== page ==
RAWA Hearing Epic Fail For Chaffetz

Recently, a hearing entitled A Casino in Every Smartphone – Law Enforcement Implications was opened by Jason Chaffetz (R-UT). It was opened in an attempt to ban internet-based gambling. The hearing took place before the House Oversight Committee, which is chaired by Rep. Chaffetz. He failed in his bid to make a case for RAWA, which is an acronym for the Restoration of Americas Wire Act. Members of Congress from both sides of the political divide and witnesses invited by Chaffetz all strongly testified in favor of regulated and legal in-state online gambling.

In his opening statement, Rep. Chaffetz claimed RAWA would provide restoration for the Wire Act’s previous interpretation against legal online gambling in the US. He further claimed that in December 2011, the Office of Legal Counsel (OLC) overturned the previous act. Acting on behalf of Sheldon Adelson, Las Vegas casino magnate, Chaffetz argued that legalizing internet gambling in any state will render it impossible to ban it in all states. This includes legalizing gambling in Utah, which is not in favor of online gambling within that state. During his statement, Chaffetz stated that he believe that RAWA is a states’ rights bill.

Alan Wilson, South Carolina Attorney General, added his support for RAWA. He argued that online gambling can be regulated by Congress through the Commerce Clause. He further stated that under the said clause, Congress would not be in violation of the Tenth Amendment if authorized to regulate online gambling. In addressing the committee, Wilson posited that by removing the provision for online gambling from the Wire Act, the OLC facilitated an erosion of a state’s capacity to autonomously regulate or prohibit gambling within that state.

This perspective was strongly refuted by Rep. Mick Mulvaney (R-SC). He argued that under the Commerce Clause, there is no basis for the federal government to regulate or prohibit online gambling in individual states. This was put forward on the basis that technology can be used to ensure that individuals who reside in states that ban online gambling can be prevented access by other states where it is allowed. He essentially put forward that in states where gambling activities are illegal, they should not be sanctioned by the reinterpreted Wire Act.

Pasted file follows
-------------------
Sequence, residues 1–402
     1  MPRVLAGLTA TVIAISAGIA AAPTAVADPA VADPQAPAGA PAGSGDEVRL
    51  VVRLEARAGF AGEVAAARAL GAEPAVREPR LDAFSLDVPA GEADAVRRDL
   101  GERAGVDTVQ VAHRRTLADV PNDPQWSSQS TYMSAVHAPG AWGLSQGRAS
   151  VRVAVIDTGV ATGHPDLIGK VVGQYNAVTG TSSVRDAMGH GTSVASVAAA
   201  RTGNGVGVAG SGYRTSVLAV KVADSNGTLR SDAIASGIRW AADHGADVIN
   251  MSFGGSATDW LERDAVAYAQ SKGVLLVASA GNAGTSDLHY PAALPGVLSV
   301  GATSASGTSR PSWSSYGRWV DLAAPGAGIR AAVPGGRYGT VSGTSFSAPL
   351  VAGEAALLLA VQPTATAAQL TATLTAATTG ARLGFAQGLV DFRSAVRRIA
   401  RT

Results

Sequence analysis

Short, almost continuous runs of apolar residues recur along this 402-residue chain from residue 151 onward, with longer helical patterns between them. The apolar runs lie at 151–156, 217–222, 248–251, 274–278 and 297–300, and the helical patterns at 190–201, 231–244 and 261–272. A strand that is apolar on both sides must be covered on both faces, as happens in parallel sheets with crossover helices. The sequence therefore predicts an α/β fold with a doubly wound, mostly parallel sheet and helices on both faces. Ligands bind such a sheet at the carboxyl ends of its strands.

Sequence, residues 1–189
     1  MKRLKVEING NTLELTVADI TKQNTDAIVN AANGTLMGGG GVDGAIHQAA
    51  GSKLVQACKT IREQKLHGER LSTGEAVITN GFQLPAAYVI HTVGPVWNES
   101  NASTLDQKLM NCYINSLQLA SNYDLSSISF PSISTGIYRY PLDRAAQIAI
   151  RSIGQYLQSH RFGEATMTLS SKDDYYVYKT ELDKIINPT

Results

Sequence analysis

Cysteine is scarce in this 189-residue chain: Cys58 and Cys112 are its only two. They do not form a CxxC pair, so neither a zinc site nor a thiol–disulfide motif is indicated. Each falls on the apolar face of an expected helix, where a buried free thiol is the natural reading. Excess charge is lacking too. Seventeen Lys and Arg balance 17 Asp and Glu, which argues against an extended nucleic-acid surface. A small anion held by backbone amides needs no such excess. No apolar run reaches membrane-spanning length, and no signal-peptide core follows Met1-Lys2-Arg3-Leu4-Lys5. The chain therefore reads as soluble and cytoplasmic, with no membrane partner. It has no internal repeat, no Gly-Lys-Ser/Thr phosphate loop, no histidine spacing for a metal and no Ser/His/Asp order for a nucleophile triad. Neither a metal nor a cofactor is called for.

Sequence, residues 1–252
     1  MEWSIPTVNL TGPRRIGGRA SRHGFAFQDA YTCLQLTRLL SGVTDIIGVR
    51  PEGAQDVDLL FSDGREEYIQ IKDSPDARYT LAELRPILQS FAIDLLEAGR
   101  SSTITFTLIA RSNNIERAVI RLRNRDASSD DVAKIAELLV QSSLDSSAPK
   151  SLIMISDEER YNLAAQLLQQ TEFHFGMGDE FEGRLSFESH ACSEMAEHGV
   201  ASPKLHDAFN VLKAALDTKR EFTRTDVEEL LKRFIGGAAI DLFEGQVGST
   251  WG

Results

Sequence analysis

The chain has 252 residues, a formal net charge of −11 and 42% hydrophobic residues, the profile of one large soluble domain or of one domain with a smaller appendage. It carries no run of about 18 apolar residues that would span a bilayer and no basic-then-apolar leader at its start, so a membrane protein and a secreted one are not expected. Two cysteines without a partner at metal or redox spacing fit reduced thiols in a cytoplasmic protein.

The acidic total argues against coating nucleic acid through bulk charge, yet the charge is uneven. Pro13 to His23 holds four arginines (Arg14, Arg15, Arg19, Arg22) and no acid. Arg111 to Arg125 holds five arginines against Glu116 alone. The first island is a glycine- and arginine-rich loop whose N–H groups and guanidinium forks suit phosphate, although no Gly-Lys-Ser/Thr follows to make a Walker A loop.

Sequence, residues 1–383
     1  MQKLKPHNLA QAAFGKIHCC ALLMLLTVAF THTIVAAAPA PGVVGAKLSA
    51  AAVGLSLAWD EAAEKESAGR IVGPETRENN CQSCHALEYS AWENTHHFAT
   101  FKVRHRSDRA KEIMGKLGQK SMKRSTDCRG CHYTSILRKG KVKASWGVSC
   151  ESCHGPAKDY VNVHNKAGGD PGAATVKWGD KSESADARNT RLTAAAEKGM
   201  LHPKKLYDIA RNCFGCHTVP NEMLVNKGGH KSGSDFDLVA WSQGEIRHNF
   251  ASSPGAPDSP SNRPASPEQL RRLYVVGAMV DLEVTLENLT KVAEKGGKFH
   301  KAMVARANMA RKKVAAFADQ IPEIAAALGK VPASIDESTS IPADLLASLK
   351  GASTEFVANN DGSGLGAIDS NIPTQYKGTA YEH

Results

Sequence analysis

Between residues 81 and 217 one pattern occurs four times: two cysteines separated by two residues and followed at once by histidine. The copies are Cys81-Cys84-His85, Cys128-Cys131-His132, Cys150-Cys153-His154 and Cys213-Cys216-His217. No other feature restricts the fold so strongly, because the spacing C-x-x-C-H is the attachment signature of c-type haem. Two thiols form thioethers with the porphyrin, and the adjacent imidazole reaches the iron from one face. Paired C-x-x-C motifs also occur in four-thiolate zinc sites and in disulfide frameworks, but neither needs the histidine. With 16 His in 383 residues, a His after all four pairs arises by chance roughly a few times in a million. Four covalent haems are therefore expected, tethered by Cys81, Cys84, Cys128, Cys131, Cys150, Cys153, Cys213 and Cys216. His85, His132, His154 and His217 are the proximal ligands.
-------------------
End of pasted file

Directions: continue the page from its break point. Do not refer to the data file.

Mulvaney highlighted that the capacity of states to regulate and legalize in-state online gambling will be lost should RAWA become enacted. He asked whether there is another method outside of federal regulation to prevent South Carolina kids from gaining access to legal gambling sites in Delaware, Nevada or New Jersey.

Through the use of technology, it is quite possible to restrict access. The technology is currently being used in Delaware, Nevada and New Jersey, the three states in which online gambling has been legalized and effectively regulated. This was pointed out by Nevada State Senator, Mark Lipparelli. He outlined that the previously mentioned states have been successful from a law enforcement and regulatory perspective. Although there have been concerns, these states have managed to gain success.

Rep. Mulvaney also made mention of a bill by another Congress member that proposes a ban on online sales of firearms and ammunition. This ban was proposed for the same reason RAWA is being championed by the proponents of banning internet-based gambling. Essentially, they claim it is challenging to enforce the laws of one state in other states, if a ban on online gambling and guns sales can be circumvented by citizens who can make purchases in another state.

Mulvaney outlined how the foundation for banning internet-based gambling could also limit Second Amendment rights to buy firearms and ammunition. He stated that he is concerned that they are going through regulation that could expand the federal government’s instead of limiting it.

At the conclusion of the hearing, the vast weight of the testimony and questions demonstrated that states can effectively decide their own course regarding whether or not to legalize and regulate online gaming. It was found that enacting RAWA is unnecessary to safeguard consumers against online gambling site abuses. It was also found that an approval would violate the Tenth Amendment by expanding the role of the federal government. The valid case for limited government prevailed easily before the House Oversight Committee, in a case that was put to engender support for banning internet-based gambling.

Video On Rawa Hearing Illustrating How Clueless Chaffetz Is About US Law